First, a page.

SQL - Transactions

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A transaction is a unit of work that is performed against a database. Transactions are units or sequences of work accomplished in a logical order, whether in a manual fashion by a user or automatically by some sort of a database program.

A transaction is the propagation of one or more changes to the database. For example, if you are creating a record or updating a record or deleting a record from the table, then you are performing transaction on the table. It is important to control transactions to ensure data integrity and to handle database errors.

Practically, you will club many SQL queries into a group and you will execute all of them together as a part of a transaction.

Properties of Transactions:

Transactions have the following four standard properties, usually referred to by the acronym ACID:

  • Atomicity: ensures that all operations within the work unit are completed successfully; otherwise, the transaction is aborted at the point of failure, and previous operations are rolled back to their former state.

  • Consistency: ensures that the database properly changes states upon a successfully committed transaction.

  • Isolation: enables transactions to operate independently of and transparent to each other.

  • Durability: ensures that the result or effect of a committed transaction persists in case of a system failure.

Transaction Control:

There are following commands used to control transactions:

  • COMMIT: to save the changes.

  • ROLLBACK: to rollback the changes.

  • SAVEPOINT: creates points within groups of transactions in which to ROLLBACK

  • SET TRANSACTION: Places a name on a transaction.

Transactional control commands are only used with the DML commands INSERT, UPDATE and DELETE only. They can not be used while creating tables or dropping them because these operations are automatically commited in the database.

The COMMIT Command:

The COMMIT command is the transactional command used to save changes invoked by a transaction to the database.

The COMMIT command saves all transactions to the database since the last COMMIT or ROLLBACK command.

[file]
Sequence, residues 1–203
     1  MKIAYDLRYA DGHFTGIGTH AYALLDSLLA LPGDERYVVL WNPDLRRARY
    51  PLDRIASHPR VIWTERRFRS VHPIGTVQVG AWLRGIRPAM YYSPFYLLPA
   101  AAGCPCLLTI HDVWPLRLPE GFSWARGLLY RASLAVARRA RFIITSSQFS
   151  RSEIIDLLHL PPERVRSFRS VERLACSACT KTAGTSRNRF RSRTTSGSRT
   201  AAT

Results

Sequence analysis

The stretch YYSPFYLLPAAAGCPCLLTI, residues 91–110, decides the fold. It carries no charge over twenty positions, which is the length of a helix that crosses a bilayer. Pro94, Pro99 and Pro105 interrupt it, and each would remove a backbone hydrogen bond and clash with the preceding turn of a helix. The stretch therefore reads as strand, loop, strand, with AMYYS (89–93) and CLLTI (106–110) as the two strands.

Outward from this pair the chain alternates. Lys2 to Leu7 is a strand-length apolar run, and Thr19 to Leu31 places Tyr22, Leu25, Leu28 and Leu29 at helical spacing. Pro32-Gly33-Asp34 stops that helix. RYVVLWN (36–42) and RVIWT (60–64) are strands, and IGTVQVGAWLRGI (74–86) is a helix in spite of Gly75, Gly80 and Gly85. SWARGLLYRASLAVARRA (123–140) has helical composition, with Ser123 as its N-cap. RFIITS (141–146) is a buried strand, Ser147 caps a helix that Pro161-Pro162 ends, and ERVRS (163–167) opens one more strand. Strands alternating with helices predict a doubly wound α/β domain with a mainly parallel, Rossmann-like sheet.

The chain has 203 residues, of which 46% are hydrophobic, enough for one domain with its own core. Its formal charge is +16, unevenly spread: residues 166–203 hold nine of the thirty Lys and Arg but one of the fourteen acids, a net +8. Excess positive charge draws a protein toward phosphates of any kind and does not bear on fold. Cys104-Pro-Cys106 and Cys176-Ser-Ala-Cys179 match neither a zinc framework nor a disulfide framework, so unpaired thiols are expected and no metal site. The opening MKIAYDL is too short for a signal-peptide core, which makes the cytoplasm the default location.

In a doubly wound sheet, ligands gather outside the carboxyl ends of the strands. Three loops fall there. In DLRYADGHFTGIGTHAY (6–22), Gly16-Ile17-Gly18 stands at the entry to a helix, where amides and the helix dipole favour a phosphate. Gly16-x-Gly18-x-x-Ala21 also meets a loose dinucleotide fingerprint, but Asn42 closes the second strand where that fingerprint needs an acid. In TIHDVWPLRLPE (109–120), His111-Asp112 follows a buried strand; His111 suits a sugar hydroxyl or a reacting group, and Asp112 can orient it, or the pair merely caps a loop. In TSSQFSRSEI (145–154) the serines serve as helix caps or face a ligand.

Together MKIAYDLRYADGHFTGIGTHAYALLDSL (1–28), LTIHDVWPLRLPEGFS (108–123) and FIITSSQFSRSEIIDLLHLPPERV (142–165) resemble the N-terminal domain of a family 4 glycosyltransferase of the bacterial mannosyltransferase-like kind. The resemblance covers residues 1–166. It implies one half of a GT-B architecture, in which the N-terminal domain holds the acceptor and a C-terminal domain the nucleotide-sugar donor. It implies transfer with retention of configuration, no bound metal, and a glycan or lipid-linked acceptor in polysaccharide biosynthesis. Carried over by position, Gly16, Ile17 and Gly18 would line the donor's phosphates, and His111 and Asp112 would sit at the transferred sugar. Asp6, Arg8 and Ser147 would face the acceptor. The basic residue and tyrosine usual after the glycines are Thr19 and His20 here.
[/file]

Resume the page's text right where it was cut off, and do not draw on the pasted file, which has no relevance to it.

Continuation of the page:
The syntax for COMMIT command is as follows:

COMMIT;

Example:

Consider the CUSTOMERS table having the following records:

+----+----------+-----+-----------+----------+
| ID | NAME     | AGE | ADDRESS   | SALARY   |
+----+----------+-----+-----------+----------+
|  1 | Ramesh   |  32 | Ahmedabad |  2000.00 |
|  2 | Khilan   |  25 | Delhi     |  1500.00 |
|  3 | kaushik  |  23 | Kota      |  2000.00 |
|  4 | Chaitali |  25 | Mumbai    |  6500.00 |
|  5 | Hardik   |  27 | Bhopal    |  8500.00 |
|  6 | Komal    |  22 | MP        |  4500.00 |
|  7 | Muffy    |  24 | Indore    | 10000.00 |
+----+----------+-----+-----------+----------+

Following is the example which would delete records from the table having age = 25 and then COMMIT the changes in the database.

SQL> DELETE FROM CUSTOMERS
     WHERE AGE = 25;
SQL> COMMIT;

As a result, two rows from the table would be deleted and SELECT statement would produce the following result:

+----+----------+-----+-----------+----------+
| ID | NAME     | AGE | ADDRESS   | SALARY   |
+----+----------+-----+-----------+----------+
|  1 | Ramesh   |  32 | Ahmedabad |  2000.00 |
|  3 | kaushik  |  23 | Kota      |  2000.00 |
|  5 | Hardik   |  27 | Bhopal    |  8500.00 |
|  6 | Komal    |  22 | MP        |  4500.00 |
|  7 | Muffy    |  24 | Indore    | 10000.00 |
+----+----------+-----+-----------+----------+

The ROLLBACK Command:

The ROLLBACK command is the transactional command used to undo transactions that have not already been saved to the database.

The ROLLBACK command can only be used to undo transactions since the last COMMIT or ROLLBACK command was issued.

The syntax for ROLLBACK command is as follows:

ROLLBACK;

Example:

Consider the CUSTOMERS table having the following records:

+----+----------+-----+-----------+----------+
| ID | NAME     | AGE | ADDRESS   | SALARY   |
+----+----------+-----+-----------+----------+
|  1 | Ramesh   |  32 | Ahmedabad |  2000.00 |
|  2 | Khilan   |  25 | Delhi     |  1500.00 |
|  3 | kaushik  |  23 | Kota      |  2000.00 |
|  4 | Chaitali |  25 | Mumbai    |  6500.00 |